Maryland Bar Bulletin
Publications : Bar Bulletin : July 2008




“Help, I’m on vacation, I’m stranded and I’ve lost everything. This is no joke, please send money.”

That’s the e-mail I received. Not only was it from someone I knew, but they were actually on vacation. I wasn’t sure exactly where they were, but I was pretty sure it wasn’t Lagos as the message had said. Also the message didn’t sound quite right. The grammar and punctuation were horrible and the whole thing just didn’t make sense. Of course, it could have just been the result of being frazzled because of the purported situation. So, expecting that the message was sent by some automated spam-bot, we sent a reply asking if the message was true and how they ended up in Nigeria. The response was almost immediate, stating that Lagos was an unplanned business trip and that, yes, it was not a joke and they did need the money. But it still didn’t feel quite right.

After contacting the e-mail address owner by phone, we were able to confirm that her e-mail address had been hijacked. Someone had hacked her account and changed the password, locking her out of her own e-mail account while sending messages to any concerned friends, family and colleagues. After jumping through quite a few hoops to prove who she said she was, the e-mail provider was able to reset the password – but all of the contacts and saved e-mails were deleted in the process.

How Did This Happen?

While we are unsure of what actually happened in this case, there are a few different methods of getting someone’s password. It can be done locally or remotely. Hacking from a distance can be done by programs that submit common passwords to accounts to see if any work. This is usually easily detected and hackers often resort to more clever methods of tricking you out of your password, such as phishing. Phishing is when you receive an e-mail or link asking you to login to your account. They then send you to a fake copy of the website.

A flaw in Gmail’s security allowed hackers to add malicious filters to an account while simply visiting an infected website while logged in to Gmail. This by itself does not disclose your login information, but it is still a huge invasion of privacy. The issue has since been fixed, though it warns that the fix only prevents new alterations and that users should check for any existing modifications. If you are a Gmail user, you can do this by logging in and clicking on the “Settings” tab in the upper right of the screen. Then check both the “Filters” and the “Forwarding and POP” sections. Look for any unrecognized e-mail addresses.

Hackers can also steal a password locally by simply watching as someone types in their password or by installing a program on a computer that will record all keyboard input.

Unfortunately, when we are on vacation we are often less careful rather than more careful, and using public computers, Internet cafés and public Wi-Fi can pose serious threats.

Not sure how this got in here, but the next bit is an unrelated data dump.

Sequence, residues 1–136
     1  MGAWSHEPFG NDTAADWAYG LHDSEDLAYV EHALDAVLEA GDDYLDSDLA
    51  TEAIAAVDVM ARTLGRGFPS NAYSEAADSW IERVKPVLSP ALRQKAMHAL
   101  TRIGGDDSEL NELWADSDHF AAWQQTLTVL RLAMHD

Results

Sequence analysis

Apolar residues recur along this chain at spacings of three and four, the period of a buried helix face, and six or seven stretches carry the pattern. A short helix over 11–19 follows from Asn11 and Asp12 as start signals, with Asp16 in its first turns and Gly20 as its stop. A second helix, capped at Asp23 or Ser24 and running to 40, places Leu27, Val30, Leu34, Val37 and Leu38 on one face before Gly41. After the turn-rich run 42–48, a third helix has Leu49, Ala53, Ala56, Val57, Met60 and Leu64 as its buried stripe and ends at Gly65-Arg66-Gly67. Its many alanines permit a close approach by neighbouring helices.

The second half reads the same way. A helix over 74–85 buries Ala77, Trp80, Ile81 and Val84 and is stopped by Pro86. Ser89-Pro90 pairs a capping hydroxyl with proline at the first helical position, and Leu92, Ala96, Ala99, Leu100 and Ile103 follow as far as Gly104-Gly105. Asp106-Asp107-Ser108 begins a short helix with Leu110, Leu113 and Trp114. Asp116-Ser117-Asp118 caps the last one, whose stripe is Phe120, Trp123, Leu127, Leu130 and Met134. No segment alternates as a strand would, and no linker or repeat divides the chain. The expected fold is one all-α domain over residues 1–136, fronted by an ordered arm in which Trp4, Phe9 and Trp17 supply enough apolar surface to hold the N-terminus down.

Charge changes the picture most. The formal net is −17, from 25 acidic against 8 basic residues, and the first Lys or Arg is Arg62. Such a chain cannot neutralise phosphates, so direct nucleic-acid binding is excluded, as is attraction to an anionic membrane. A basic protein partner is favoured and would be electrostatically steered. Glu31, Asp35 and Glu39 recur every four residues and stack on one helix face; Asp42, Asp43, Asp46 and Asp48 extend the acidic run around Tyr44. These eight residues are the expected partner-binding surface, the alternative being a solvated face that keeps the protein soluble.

How to Protect Yourself

Tough passwords. Make your passwords difficult to guess. A strong password should be six to twelve characters in length, contain numbers, upper- and lowercase letters and special characters such as the * $ or !. The best passwords will also never be an actual word. One tip is to take a line from your favorite song and use the first or last letter from each word, changing the case and adding numbers and symbols to the beginning, end and middle.

Built-in security features. Some web-based e-mail providers like Yahoo have a “sign-in seal” which will protect against phishing scams. You upload some text or an image and later, if your sign-in seal is not there, it’s likely a fake page.

Have a travel account. When you take a trip, many usually leave their full-size toothpaste and shampoo at home. Well, perhaps you should do the same with your e-mail account, especially if you leave the country. If you think you will need e-mail access while traveling, you might want to consider a separate e-mail account. Keep the contact list empty, and print the contact you need and keep with you – that way, if someone gets your login info, they can’t do as much damage with it. You’ll be able to send messages, but the only messages you will be able to read will be from those to whom you gave the travel e-mail address.

Back-up your data.If you use Yahoo or Google apps such as calendar, docs or other tools, keep in mind that you are only given access to this information if they let you. Unless you keep a copy, all that information could just go away. Periodically, back-up the information from your account and keep it on your computer, or back-it up to CD, DVD or other back-up service.

Archive important documents. I have more saved e-mail messages than I probably should, and I clear out as many outdated ones as I can from time to time, but there are those messages that I know I’ll need to reference again later. But while it’s nice to always know where to find them, perhaps online isn’t the best location – especially if they contain account activations or password reminders. If the message contains personal information, the best thing to do would be to print it or copy it to an electronic file on your computer. How to best protect it after that is your decision.
This type of problem doesn’t happen often, and it doesn’t happen to everyone, but if you take some of these steps you can help keep it from happening to you.


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Publications : Bar Bulletin: July 2008

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